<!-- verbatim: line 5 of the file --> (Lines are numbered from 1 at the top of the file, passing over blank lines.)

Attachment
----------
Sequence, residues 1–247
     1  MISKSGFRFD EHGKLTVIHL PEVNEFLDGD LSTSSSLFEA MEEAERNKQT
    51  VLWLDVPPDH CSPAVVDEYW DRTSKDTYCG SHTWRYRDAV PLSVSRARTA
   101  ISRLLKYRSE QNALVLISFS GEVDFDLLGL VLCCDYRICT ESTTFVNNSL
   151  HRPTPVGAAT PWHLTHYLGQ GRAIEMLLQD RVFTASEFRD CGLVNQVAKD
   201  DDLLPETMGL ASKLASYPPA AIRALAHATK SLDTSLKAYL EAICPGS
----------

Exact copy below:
   151  HRPTPVGAAT PWHLTHYLGQ GRAIEMLLQD RVFTASEFRD CGLVNQVAKD